WEEK 1: Muttererde
Founded by Jess Brough in 2018, Fringe of Colour started as a show database and free ticket facility to address the lack of shows by PoC performers and barriers facing PoC audiences wishing to attend the Fringe. With the COVID pandemic in 2020, it expanded to become an online streaming platform for Black, Asian, Indigenous and Latine creatives. Now in its second year of programming, it offers a refreshing alternative to the white, straight, cis, able-bodied acts that fill the Fringe listings.
Week 1 tackled two themes: Ritual and Flight, with documentary Muttererde kicking off the former.
‘They waited for the day when the unknown thing that was in them would be made known.’ Four femmes from Dominican Republic, Gabon, Argentina and Oakland discuss motherhood through personal histories and unvarnished examination of the racism they and their mothers and grandmothers have faced. From patriarchal expectations of women to submit to husbands, to being announced as a devil at Catholic school mass for being a PoC, solidifying identity becomes a means of dealing with oppression.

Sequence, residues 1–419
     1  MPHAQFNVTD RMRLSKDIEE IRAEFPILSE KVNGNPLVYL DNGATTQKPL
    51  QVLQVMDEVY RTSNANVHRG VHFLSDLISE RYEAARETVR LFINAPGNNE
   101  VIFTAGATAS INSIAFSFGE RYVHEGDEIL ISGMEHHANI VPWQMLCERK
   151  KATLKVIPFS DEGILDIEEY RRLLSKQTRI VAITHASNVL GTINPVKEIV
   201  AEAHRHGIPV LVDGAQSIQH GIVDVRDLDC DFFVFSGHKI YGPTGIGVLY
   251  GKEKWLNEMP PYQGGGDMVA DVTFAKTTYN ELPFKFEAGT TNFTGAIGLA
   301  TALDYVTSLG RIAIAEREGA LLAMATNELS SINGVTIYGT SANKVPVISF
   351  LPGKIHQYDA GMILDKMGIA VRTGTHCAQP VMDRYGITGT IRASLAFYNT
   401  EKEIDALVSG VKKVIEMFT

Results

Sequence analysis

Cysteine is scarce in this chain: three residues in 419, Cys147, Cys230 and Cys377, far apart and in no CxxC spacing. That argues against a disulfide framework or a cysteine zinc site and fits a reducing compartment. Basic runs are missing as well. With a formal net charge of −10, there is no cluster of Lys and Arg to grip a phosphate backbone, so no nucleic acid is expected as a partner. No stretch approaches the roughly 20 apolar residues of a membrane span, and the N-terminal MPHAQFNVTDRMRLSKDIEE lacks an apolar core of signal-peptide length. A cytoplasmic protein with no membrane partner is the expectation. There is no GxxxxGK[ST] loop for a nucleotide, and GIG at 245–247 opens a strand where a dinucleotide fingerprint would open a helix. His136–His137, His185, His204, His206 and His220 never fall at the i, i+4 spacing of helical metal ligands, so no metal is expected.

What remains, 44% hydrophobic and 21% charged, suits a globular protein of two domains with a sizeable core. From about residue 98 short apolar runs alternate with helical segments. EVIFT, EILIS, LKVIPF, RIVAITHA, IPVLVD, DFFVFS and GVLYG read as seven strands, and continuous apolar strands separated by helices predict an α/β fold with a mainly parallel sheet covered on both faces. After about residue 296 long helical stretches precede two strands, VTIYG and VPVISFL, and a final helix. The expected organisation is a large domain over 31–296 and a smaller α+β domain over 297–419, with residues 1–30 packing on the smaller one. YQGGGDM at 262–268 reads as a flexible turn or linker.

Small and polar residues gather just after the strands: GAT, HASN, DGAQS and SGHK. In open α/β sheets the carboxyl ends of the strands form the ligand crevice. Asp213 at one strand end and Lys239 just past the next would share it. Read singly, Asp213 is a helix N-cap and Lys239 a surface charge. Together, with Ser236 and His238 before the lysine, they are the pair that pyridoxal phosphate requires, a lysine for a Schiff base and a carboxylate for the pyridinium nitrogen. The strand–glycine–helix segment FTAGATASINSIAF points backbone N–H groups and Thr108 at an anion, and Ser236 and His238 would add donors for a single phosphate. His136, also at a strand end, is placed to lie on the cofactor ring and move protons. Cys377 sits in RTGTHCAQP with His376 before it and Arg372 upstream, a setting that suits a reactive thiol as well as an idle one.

One theme that stood out was the conscious decision to reject harmful gender stereotypes, choosing to stop expending emotional labour, fight while preserving one’s strength, and learn the ‘unspoken female energy’ of their ancestors. In the case of Camalo Gaskin, this meant becoming a doula, and in Niv Acosta’s case being emboldened by his grandmother being gay to validate his sexual and gender identity. Likewise, Fannie Sosa’s mother’s Black Panther activism taught her community survival through education and providing free meals to those who needed them. Making art becomes a means of persisting in a world hostile to PoC existence.
In Muttererde Jessica Lauren Elizabeth Taylor has created a rich archive of stories, both impactful and uplifting.